2009 John Frederick Lewis Award
Autumn General Meeting
Stephen G. Brush
The American Philosophical Society awarded the 2009 John Frederick Lewis Award to Stephen G. Brush for his book Choosing Selection: The Revival of Natural Selection in Anglo-American Evolutionary Biology, 1930-1970. The award was presented by Mary Patterson McPherson, Executive Officer of the Society.
Stephen Brush worked at he Lawrence Livermore Laboratory from 1959-1965. He then went to Harvard, where he was a member of the Harvard Project Physics and was a lecturer in Physics and the History of Science until 1968. From 1968 to 2006 he was at the University of Maryland in University Park with a joint appointment in the Department of History and the Institute for Physical Science & Technology. He retired in 2006 and holds the title Distinguished University Professor of the History of Science Emeritus.
His book Choosing Selection: The Revival of Natural Selection in Anglo-American Evolutionary Biology, 1930-1970 discusses evolution, Darwin, and natural selection in the twentieth-century Anglo-American biological community. Dr. Brush examines the beliefs and theories of prominent biologists and evolutionists, including Ronald Fisher, Sewall Wright, Theodosius Dobzhansky, and Ernst Mayr.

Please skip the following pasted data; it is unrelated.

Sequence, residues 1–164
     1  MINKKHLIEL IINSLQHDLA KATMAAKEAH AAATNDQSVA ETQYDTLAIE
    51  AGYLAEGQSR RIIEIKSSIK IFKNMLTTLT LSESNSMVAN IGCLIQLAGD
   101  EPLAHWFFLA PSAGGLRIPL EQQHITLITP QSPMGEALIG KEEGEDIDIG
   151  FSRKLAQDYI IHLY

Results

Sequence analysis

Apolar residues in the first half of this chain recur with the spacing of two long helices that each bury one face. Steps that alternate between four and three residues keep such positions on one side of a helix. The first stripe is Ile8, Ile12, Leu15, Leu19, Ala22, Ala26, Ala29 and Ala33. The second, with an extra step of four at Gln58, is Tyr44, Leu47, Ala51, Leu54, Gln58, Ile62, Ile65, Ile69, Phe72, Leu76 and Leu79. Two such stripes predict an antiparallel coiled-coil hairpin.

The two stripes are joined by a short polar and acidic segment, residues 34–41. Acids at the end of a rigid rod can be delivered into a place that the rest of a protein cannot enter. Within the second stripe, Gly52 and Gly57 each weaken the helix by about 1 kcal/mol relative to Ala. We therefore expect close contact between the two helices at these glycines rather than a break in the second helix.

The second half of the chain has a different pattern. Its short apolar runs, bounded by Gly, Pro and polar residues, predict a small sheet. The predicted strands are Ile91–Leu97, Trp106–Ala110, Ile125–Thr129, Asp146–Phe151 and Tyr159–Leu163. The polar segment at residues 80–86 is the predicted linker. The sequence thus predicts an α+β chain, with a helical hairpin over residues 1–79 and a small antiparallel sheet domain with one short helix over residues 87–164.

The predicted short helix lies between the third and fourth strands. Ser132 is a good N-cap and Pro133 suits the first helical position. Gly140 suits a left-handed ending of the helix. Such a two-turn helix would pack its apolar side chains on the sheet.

In 1935 the Society established the John Frederick Lewis Award with funds donated by his widow. The award recognizes the best book or monograph published by the Society in a given year.
The selection committee consisted of Glen W. Bowersock (chair), Professor Emeritus of Ancient History, Institute for Advanced Study; Helen F. North, Centennial Professor Classics Emerita, Swarthmore College; and Noel M. Swerdlow, Professor Emeritus of Astronomy and Astrophysics and of History, University of Chicago.